New York State Seal
STATE OF NEW YORK
INSURANCE DEPARTMENT
25 BEAVER STREET
NEW YORK, NEW YORK 10004

 

 

Circular Letter No. 14 (2003)
December 4, 2003

TO:

Insurers Licensed to Write Motor Vehicle Physical Damage Insurance in New York State, Motor Vehicle Self-Insurers, and Insurance Producer and Adjuster Organizations

RE: Application of Section 2610(b) of the Insurance Law
STATUTORY REFERENCE: Section 2610(b) of the Insurance Law

The purpose of this Circular Letter is to advise that the Insurance Department is hereby withdrawing Circular Letter No. 16 (2000), dated May 10, 2000, regarding Section 2610(b) of the Insurance Law. As a result of the recent decision of the United States District Court in Allstate Insurance Co. v. Serio and GEICO v. Serio, 2003 W.L. 21418198 (S.D.N.Y. May 7, 2003), Section 2610(b) of the New York Insurance Law remains in effect, and will be enforced by the Insurance Department consistent with the interpretation of the statute by the New York Court of Appeals in Allstate Insurance Co. v. Serio, 98 N.Y.2d 198 (2002).

Allstate Insurance Co. v. Serio and GEICO v. Serio, which were commenced in the United States District Court for the Southern District of New York in 1997, challenged the constitutionality of Section 2610(b), which prohibits insurers from recommending or suggesting that repairs to a damaged vehicle (other than for a claim solely involving window glass) be made in a particular place or shop or by a particular concern, unless expressly requested to do so by their insureds.

On May 5, 2000, the United States District Court (Richard Conway Casey, U.S.D.J.) ruled that Section 2610(b), as applied to Allstate and GEICO, violated the First Amendment of the United States Constitution as an unjustifiable restriction on commercial free speech. That decision was appealed to the United States Court of Appeals for the Second Circuit. The Second Circuit declined to rule on federal constitutional grounds and instead certified four questions to the New York Court of Appeals regarding the proper interpretation of Section 2610(b) under state law. After the New York Court of Appeals in Allstate Insurance Co. v. Serio, 98 N.Y. 2d 198 (2002), invalidated the Department’s interpretation contained in Circular Letter No. 4 (1994), the case was remanded back to the District Court for reconsideration.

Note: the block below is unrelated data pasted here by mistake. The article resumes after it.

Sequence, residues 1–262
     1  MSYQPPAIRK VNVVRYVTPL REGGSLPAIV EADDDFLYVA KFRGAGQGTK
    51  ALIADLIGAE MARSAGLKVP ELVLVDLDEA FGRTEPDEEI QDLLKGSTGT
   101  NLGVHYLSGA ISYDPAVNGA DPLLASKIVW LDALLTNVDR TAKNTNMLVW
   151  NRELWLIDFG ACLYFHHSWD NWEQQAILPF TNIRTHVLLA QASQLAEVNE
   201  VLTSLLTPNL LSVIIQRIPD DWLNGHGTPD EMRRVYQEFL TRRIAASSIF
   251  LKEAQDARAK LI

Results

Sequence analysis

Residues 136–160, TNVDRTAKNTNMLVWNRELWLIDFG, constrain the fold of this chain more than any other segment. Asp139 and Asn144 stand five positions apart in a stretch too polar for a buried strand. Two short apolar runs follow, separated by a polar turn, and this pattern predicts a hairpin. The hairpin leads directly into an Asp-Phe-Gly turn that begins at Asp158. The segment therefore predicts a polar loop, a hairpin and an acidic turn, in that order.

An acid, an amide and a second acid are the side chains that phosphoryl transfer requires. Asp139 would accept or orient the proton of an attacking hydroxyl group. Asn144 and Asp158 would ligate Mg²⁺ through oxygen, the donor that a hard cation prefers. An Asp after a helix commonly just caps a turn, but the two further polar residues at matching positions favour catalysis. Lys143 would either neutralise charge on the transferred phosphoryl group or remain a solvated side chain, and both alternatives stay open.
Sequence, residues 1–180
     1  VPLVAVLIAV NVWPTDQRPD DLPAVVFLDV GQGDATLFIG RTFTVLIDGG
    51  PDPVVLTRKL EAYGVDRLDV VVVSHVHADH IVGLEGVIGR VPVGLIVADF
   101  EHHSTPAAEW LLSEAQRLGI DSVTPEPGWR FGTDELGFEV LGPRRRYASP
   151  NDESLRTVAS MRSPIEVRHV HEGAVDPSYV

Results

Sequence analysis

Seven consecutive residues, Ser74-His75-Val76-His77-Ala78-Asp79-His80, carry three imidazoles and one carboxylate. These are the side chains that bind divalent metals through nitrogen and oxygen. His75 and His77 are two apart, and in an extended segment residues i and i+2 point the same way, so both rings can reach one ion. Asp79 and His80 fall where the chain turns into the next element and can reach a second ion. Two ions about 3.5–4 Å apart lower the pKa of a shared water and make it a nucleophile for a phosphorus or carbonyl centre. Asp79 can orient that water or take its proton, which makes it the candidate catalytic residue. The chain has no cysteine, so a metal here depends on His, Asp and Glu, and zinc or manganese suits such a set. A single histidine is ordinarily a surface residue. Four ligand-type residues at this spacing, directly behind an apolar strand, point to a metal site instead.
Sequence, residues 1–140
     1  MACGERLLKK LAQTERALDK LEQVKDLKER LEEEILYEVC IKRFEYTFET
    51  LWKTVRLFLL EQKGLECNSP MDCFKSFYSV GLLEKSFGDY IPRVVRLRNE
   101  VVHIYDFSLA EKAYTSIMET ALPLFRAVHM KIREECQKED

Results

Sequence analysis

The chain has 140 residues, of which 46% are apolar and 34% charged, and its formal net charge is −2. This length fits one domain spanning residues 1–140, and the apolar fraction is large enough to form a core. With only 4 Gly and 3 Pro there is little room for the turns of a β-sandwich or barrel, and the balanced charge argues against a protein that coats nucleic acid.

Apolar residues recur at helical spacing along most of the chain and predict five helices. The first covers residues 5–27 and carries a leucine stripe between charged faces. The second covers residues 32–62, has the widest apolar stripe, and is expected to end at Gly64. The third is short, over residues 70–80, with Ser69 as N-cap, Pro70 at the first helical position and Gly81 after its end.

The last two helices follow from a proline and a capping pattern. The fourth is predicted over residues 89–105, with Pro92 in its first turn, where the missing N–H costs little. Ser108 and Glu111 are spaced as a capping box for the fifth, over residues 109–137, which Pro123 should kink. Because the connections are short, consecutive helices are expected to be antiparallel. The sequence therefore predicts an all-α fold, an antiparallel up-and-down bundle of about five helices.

On remand, the District Court vacated its prior order and dismissed the claims of Allstate and GEICO. In its opinion and order dated May 7, 2003, the District Court ruled that the plaintiffs’ First Amendment claims had been rendered moot by the decision of the New York Court of Appeals and by the Department’s action in withdrawing Circular Letter No. 4 (1994).

Accordingly, this Circular Letter supersedes Department Circular Letter No. 16 (2000), dated May 10, 2000, which as indicated above is hereby withdrawn. Department Circular Letter No. 4 (1994), dated April 7, 1994, containing an interpretation of Section 2610(b) that was found invalid by the New York Court of Appeals in the above-cited case, remains withdrawn. As stated above, Section 2610(b) of the New York Insurance Law remains in effect and will be enforced by the Department consistent with the interpretation of the statute by the New York Court of Appeals.

Any questions regarding this Circular Letter should be directed to Debra Forde, Senior Insurance Examiner, Property Bureau, at (212) 480-5665, or by e-mail: .

 

Very truly yours,

Mark Presser
Assistant Deputy Superintendent and
Chief Examiner, Property Bureau